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BURNS MANUFACTURING COMPANY v. JOSEPH K. BOEHM AND ALMA G. BOEHM (05/12/76)

decided: May 12, 1976.

BURNS MANUFACTURING COMPANY, INC.
v.
JOSEPH K. BOEHM AND ALMA G. BOEHM, APPELLANTS



COUNSEL

Gerald A. McNelis, Jr., John P. Eppinger, Erie, for appellants.

John W. Beatty, Knox, Graham, Pearson, McLaughlin & Sennett, Inc., Erie, for appellee.

Jones, C. J., and Eagen, O'Brien, Roberts, Pomeroy, Nix and Manderino, JJ.

Author: Pomeroy

[ 467 Pa. Page 310]

OPINION OF THE COURT

In 1974, appellee, Burns Manufacturing Company, attempted to exercise an option to purchase two lots of land currently leased by appellee from the owners, appellants Joseph and Alma Boehm. When appellants refused to convey the property, appellee instituted the instant equity action to compel specific performance. After a trial, the chancellor ordered appellants to convey a "free, clear and merchantable title," ruled that appellants had neither expressly nor impliedly reserved a right-of-way over the land, and concluded that under the terms of the option agreement, appellee was not required to pay interest charges which had accrued on money owed by appellants for the installation of certain sewer facilities on the lots in question. Appellants appealed. We conclude that appellants are entitled to retain a right-of-way over the easterly twenty feet of lots 275 and 276 and that the decree should be modified accordingly; as so modified, we will affirm.

(1) Appellants first contend that the chancellor erred in ruling that appellants are not entitled to retain a right-of-way over the lots which they have been ordered to convey. The reservation of such an easement, it is claimed, is both expressly set forth in the addendum clause of the lease granting the option, and implicit in light of the circumstances surrounding the transaction in question. An understanding of these contentions requires a brief review of the events which gave rise to this controversy.

[ 467 Pa. Page 311]

In 1960 appellants purchased lot 285, a plot of land with a narrow forty foot southerly boundary on West 13th Street and one hundred-fifty-three foot westerly border on lots 275 and 276. (Lot 285 was bounded on the north and on the east by other properties not herein relevant). At the time of the purchase, a building thirty feet wide was situated on the southerly end of lot 285. Access to the northerly portion of the lot from West 13th Street could be gained only through a seven foot space which separated the western edge of this house and the border of lots 275 and 276.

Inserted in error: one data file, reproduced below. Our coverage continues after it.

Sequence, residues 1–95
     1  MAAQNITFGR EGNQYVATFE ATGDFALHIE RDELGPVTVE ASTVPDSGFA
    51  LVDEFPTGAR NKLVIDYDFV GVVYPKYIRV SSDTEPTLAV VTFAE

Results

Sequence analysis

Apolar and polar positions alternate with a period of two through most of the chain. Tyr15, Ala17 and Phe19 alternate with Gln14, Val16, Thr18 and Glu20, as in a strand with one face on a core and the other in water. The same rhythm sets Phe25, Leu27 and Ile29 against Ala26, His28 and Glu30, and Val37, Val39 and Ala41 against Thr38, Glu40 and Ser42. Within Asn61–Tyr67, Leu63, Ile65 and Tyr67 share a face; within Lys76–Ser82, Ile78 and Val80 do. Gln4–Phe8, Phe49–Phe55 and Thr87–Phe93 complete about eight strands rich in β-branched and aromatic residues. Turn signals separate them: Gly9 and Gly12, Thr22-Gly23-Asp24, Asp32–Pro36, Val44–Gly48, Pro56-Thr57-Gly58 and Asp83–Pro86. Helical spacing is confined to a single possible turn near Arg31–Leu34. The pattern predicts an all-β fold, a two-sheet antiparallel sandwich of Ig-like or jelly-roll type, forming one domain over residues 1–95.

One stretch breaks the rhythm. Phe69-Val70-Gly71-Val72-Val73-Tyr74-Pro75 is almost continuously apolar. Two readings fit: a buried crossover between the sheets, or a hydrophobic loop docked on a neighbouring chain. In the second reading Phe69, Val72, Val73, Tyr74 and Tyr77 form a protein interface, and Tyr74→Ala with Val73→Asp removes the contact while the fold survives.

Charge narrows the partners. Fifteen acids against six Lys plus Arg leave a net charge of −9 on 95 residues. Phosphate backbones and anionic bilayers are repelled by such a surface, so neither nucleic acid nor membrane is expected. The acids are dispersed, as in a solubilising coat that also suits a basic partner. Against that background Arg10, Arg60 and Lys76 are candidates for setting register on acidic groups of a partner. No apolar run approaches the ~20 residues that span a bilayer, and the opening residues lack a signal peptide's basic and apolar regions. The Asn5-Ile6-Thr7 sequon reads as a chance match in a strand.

Shortly after the purchase of lot 285, appellants began construction of a repair shop for automobile bodies on the northern portion of the lot. Because the seven foot passageway was not wide enough to allow necessary vehicles to reach the construction site, appellants, with the consent of the then owners, used the easterly twenty feet of lots 275 and 276 as an access route. In 1963, after the construction was completed, appellants purchased these two lots and paved the twenty foot access road. Two years later appellants agreed to lease the two lots to appellee, who drafted a lease containing an option to purchase the leased lots and a separate option to purchase lot 285. Appellants, however, concerned that the writing would not preserve their right to use the access road, refused to sign the lease agreement as drafted; they insisted, and the lessees agreed, that the following addendum be added prior to execution:

"ADDENDUM

"17. The Lessors have the right to use the east one-half of Lot No. 276 for their exclusive parking purposes and the display of used cars. With the exceptions, however, of the easterly most twenty (20) feet which shall be left open ...


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